China redoubled its support for Hong Kong leader Carrie Lam on Monday after days of protests against a planned extradition bill, and a source close to Lam said Beijing was unlikely to let her go even if she tried to resign, reports Reuters.
Lam’s attempts to pass a bill that would allow people in Hong Kong to be extradited to China for trial triggered the biggest and most violent protests in decades in the former British colony, now under Chinese rule.
As the crisis entered its second week, demonstrators and opposition politicians braved intermittent rain to gather near the government’s offices and urge her to kill the bill and quit.
The upheaval comes at a delicate time for Chinese President Xi Jinping, who is grappling with a deepening U.S. trade war, slowing economic growth and regional strategic tension.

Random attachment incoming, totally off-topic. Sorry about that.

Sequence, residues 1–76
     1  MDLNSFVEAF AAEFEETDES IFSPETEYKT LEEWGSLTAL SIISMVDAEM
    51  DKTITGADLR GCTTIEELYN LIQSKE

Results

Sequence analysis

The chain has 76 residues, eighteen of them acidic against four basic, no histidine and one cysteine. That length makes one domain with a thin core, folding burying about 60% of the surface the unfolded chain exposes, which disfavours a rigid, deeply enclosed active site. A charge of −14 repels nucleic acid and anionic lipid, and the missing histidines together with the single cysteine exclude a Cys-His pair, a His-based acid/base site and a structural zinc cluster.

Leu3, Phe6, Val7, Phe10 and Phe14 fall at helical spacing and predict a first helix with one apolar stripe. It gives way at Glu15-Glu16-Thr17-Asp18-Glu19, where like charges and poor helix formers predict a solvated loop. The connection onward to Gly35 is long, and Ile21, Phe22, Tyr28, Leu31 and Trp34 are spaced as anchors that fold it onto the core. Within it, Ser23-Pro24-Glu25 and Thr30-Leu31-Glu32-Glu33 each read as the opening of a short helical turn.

Hong Kong has been governed under a “one country, two systems” formula since its return to Chinese rule in 1997, enjoying freedoms not granted to the mainland, including an independent judiciary but short of a fully democratic vote.
Many residents are increasingly unnerved by Beijing’s tightening grip and what they see as the erosion of those freedoms. Many say changes to the rule of law could imperil Hong Kong’s status as a global financial center.